GSK has decided to back up developing countries which graduate from GAVI Alliance support. Prices of vaccines against cervical cancer, pneumococcal disease and rotavirus for those countries will not increase over a period of 5 years.
GAVI Alliance was founded in 2000 and so far has helped to fund immunisation of 440 million children. World’s poorest countries have been included in the programme. GSK, GAVI Alliance long-standing partner, reserves its lowest prices, which can be as low as one-tenth for the beneficiaries. Today, GSK would like to offer its support to governments who are at the transition stage. 5-year price freeze will hopefully assist countries which due to their fast-growing economy can no longer be GAVI Alliance beneficiaries. After this period, governments should be able to fully finance their local vaccination programmes.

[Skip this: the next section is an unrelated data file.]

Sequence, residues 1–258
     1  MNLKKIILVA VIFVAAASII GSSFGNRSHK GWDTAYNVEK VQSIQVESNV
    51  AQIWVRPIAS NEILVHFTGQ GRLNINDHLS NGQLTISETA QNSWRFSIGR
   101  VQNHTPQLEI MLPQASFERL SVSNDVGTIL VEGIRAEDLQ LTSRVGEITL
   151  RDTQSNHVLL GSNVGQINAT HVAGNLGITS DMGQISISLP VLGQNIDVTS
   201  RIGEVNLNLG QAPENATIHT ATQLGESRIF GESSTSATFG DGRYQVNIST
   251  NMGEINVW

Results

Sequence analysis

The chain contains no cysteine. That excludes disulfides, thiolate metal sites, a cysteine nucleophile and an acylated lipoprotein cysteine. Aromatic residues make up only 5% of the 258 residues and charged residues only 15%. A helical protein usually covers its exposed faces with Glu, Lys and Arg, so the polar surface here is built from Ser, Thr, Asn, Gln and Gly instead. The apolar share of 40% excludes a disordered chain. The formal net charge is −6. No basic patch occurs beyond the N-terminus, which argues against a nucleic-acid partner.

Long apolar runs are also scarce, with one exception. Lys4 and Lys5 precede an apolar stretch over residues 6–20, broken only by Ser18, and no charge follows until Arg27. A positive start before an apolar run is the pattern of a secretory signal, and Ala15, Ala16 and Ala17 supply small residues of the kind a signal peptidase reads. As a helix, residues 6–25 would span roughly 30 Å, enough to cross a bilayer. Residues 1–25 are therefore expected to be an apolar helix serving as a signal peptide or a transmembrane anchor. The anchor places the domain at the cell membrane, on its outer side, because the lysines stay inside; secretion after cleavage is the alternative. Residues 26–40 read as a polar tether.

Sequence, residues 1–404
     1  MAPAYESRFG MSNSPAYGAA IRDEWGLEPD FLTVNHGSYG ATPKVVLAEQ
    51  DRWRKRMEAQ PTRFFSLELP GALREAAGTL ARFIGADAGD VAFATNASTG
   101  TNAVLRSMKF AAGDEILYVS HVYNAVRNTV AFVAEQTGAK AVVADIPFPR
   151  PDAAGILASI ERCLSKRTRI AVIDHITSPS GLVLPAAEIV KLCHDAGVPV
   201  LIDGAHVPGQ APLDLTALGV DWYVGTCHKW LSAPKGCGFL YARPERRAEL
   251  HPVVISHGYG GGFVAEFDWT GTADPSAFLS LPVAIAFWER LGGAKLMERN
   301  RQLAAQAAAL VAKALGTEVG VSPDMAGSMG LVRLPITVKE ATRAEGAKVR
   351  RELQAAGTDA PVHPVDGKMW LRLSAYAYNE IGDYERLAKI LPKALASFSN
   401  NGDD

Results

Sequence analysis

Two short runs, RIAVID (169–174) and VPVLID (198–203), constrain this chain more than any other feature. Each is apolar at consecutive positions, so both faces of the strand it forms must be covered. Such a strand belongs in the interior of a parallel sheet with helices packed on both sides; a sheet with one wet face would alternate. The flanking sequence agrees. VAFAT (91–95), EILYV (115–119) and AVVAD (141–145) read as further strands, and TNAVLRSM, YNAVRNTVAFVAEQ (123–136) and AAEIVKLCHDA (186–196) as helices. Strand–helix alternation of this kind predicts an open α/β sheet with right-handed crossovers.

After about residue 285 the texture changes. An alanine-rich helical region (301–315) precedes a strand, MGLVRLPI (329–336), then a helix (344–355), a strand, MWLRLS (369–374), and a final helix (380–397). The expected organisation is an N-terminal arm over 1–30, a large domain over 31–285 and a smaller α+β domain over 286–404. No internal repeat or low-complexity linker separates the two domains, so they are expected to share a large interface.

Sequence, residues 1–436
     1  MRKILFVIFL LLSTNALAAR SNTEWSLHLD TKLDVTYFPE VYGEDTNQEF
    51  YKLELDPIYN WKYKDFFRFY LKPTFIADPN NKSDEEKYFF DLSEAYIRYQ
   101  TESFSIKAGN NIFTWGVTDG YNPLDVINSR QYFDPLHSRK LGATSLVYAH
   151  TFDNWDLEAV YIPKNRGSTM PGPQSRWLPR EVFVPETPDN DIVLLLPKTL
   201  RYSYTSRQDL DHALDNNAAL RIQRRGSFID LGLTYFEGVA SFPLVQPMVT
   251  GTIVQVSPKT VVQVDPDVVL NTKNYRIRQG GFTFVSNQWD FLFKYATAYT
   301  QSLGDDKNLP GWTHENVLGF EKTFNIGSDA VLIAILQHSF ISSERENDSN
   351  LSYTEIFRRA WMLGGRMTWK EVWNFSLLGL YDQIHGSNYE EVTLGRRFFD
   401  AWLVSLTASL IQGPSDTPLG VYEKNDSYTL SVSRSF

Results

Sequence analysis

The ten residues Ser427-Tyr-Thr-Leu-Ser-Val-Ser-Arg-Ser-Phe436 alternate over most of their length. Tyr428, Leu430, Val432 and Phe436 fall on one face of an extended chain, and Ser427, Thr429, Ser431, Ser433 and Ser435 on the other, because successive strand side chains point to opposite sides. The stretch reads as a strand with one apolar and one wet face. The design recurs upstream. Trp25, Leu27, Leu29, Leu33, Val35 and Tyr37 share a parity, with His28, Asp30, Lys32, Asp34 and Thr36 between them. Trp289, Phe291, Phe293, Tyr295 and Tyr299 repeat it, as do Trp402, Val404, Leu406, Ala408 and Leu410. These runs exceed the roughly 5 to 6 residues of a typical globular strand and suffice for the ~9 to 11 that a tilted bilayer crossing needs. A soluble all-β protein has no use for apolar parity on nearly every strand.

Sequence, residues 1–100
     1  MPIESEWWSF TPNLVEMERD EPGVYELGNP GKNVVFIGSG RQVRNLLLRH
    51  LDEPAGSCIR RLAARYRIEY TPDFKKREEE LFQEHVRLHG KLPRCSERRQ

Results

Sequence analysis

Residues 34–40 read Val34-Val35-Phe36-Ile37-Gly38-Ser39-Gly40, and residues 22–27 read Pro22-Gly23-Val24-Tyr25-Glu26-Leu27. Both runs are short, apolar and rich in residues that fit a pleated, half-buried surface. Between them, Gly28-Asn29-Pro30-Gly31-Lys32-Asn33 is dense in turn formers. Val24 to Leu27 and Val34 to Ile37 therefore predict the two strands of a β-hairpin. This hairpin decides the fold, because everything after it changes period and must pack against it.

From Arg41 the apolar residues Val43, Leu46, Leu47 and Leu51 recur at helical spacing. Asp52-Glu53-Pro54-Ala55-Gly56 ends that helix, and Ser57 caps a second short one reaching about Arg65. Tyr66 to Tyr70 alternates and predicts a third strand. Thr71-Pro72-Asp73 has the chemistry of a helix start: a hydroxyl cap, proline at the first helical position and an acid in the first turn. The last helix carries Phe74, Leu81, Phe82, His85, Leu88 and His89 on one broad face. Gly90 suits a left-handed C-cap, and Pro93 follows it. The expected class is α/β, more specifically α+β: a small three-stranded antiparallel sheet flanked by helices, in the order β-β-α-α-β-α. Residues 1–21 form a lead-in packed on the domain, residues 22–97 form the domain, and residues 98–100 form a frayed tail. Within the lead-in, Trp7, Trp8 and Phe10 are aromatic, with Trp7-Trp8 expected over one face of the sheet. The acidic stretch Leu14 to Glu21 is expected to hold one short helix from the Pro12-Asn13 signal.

Today, Sir Andrew Witty, CEO of GSK paid tribute to GAVI Alliance leadership and partners.
Sir Andrew Witty said: “The achievements of the GAVI Alliance are remarkable with 6 million lives saved since its formation in 2000. Successful vaccination programmes have no doubt also helped countries to develop in this time. For countries that are doing well and are moving out of GAVI, I’m pleased that we are able to offer governments a price freeze to help ensure that children continue to be protected by national immunisation programmes.”
22 countries are planned to graduate from GAVI support by 2020 and in this way allow poorer countries to enter the programme. Once countries reach certain economy conditions, they are expected to take responsibility for their vaccination programmes. GSK is the first company which declared lower prices over this transition period.
As the GAVI Alliance major partner, GSK supplies innovative vaccines at significantly reduced prices. GSK has decided to provide more than 850 million vaccine doses to protect up to 300 million children in the developing countries by 2024.